It is my job to tell the story as honestly as possible. If a story I am writing involves sex, I will include it. If it doesn't, I won't force it onto the page. I don't include graphic descriptions of it, that's just not my style. The point is, sex happens in YA and I don't see the point in taking it out to please anyone else.

Sex is generally relevant in young adult fiction because it is always present in the lives of teenagers. Having it, not having it, thinking about whether or not they are having it and why; it is going to be there no matter the main character's stance.

In a lot of ways, sex is just like profanity in whatever story you are telling. Stephen King advises not to censor your character because they will come across to the reader as censored and false. And nobody makes a connection with that kind of character. Be honest to your characters and yourself.

What do you think, is sex in YA inconceivable?

Monday, August 1, 2011

Book Report Monday: Forever, The Wolves of Mercy Falls #3

Title: Forever, The Wolves of Mercy Falls #3

Author: Maggie Stiefvater

Genre: Young Adult Fantasy

Synopsis: In Maggie Stiefvater's SHIVER, Grace and Sam found each other. In LINGER, they fought to be together. Now, in FOREVER, the stakes are even higher than before. Wolves are being hunted. Lives are being threatened. And love is harder and harder to hold on to as death comes closing in. (from Goodreads)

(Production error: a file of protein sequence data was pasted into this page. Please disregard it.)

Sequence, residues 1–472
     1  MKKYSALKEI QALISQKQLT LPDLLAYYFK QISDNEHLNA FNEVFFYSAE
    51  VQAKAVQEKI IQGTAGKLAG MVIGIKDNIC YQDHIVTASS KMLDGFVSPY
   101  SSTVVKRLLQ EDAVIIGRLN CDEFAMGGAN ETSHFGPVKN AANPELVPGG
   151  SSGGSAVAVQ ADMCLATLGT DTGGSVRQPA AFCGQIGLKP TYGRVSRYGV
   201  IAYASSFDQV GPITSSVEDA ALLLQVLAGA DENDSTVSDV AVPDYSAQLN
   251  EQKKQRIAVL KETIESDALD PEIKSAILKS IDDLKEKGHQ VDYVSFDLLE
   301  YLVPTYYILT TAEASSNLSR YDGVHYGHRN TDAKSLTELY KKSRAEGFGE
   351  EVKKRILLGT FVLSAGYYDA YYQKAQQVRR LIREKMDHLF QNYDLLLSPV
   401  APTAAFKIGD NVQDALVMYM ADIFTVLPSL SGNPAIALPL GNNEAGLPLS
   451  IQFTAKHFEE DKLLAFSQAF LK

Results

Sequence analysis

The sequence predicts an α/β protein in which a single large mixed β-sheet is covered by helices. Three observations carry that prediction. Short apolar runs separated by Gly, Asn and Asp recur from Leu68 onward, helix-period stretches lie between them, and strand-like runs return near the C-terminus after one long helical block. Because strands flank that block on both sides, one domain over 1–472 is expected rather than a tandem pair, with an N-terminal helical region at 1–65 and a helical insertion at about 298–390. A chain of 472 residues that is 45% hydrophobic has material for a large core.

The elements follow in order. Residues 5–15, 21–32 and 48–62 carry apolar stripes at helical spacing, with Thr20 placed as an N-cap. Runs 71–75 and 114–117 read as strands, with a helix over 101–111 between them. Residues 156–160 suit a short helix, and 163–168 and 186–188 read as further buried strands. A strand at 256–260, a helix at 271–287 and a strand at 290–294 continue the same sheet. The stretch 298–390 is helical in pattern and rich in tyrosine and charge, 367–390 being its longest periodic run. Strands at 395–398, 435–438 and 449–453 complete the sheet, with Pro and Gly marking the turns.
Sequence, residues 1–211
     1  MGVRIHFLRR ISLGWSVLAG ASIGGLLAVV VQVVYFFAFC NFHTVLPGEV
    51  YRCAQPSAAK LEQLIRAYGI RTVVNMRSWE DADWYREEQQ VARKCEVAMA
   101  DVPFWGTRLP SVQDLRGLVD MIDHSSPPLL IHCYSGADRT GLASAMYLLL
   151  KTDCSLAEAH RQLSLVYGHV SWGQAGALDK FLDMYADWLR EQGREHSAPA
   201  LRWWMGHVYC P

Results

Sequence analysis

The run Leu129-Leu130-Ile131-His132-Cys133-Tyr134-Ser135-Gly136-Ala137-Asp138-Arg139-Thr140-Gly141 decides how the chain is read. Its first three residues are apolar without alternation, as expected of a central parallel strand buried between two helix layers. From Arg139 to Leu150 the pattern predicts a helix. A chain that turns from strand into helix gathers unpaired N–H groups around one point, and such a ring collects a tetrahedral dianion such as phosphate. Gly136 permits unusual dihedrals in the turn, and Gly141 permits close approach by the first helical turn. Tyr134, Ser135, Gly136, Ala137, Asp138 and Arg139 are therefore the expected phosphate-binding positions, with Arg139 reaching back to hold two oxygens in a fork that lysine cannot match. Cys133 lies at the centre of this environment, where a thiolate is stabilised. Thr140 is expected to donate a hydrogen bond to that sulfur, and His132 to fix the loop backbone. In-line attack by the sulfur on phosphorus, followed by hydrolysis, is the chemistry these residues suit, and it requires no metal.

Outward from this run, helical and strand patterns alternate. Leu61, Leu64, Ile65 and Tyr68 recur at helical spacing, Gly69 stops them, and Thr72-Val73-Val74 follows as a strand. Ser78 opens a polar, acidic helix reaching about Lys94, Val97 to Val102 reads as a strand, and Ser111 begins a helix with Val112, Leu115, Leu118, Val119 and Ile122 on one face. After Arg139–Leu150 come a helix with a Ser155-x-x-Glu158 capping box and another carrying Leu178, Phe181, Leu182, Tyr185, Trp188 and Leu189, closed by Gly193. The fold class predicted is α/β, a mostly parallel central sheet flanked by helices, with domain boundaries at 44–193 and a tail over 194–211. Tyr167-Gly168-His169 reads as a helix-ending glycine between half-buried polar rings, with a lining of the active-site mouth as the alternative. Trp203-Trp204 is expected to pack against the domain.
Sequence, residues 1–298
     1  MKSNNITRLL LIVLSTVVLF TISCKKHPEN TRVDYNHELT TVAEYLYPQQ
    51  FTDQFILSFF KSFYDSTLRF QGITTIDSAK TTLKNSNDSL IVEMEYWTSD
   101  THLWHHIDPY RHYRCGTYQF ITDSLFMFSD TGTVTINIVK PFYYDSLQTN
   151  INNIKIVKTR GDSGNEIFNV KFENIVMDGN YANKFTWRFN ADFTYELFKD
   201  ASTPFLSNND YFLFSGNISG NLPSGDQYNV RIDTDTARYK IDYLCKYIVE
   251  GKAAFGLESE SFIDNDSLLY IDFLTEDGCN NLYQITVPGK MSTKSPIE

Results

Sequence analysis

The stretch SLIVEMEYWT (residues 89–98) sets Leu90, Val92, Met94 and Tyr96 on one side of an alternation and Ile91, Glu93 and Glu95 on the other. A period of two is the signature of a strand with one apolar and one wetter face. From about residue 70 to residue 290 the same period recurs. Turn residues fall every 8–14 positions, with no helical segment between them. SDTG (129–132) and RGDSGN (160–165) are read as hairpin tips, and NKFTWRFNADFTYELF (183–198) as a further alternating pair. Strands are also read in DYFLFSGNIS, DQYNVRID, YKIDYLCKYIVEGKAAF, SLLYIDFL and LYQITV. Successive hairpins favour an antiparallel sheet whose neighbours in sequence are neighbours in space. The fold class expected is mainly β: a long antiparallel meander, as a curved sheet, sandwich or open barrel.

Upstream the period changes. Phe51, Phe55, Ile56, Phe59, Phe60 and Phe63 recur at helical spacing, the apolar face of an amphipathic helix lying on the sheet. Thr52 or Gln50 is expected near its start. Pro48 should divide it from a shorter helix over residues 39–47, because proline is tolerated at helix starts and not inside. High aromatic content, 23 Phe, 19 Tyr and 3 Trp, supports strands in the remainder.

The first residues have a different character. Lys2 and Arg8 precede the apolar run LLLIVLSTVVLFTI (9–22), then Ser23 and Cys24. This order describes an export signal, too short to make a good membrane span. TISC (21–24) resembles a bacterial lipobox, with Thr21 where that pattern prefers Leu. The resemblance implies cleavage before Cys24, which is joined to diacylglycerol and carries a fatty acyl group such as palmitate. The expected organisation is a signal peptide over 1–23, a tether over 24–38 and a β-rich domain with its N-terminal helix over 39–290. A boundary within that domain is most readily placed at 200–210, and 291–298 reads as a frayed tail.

Why did I pick it up?: I love werewolf love.

Favorite Lines: All the Rilke poetry and Sam's lyrics.

My Review: Something I appreciated about the series was that the main characters, Sam and Grace, assume typically reversed roles. Grace is very analytical and approaches problems from a logical place and Sam is emotional and sensitive, always playing his acoustic guitar and thinking up song lyrics to express his tortured feelings. As an analytical girl, I dug it.

Stiefvater's werewolves seem more wolf than werewolf to me. At times the series reads like a work of science fiction rather than fantasy, despite being fantasy. Sam, one the main protagonists, discusses whether the act of becoming a wolf is magic or science or both. Cole, a new wolf in Linger-the second book, tackles werewolfism from a scientific standpoint. I thoroughly enjoyed his growth and his narrating. Perhaps all magic is just science we do not understand yet.

Each book in the series is printed in colored text matching the covers. Also, the story is told from many different point of views. The trade off is generally smooth, though at times when I was reading through quickly I missed that the story had changed hands. But I think that was my failure to observe the name at the beginning of each chapter rather than an abrupt change in the storyteller.

Recommendation: If you, like me, love werewolves and teen romance grab it!

Next Week: Passion, #3 in the Fallen Series by Lauren Kate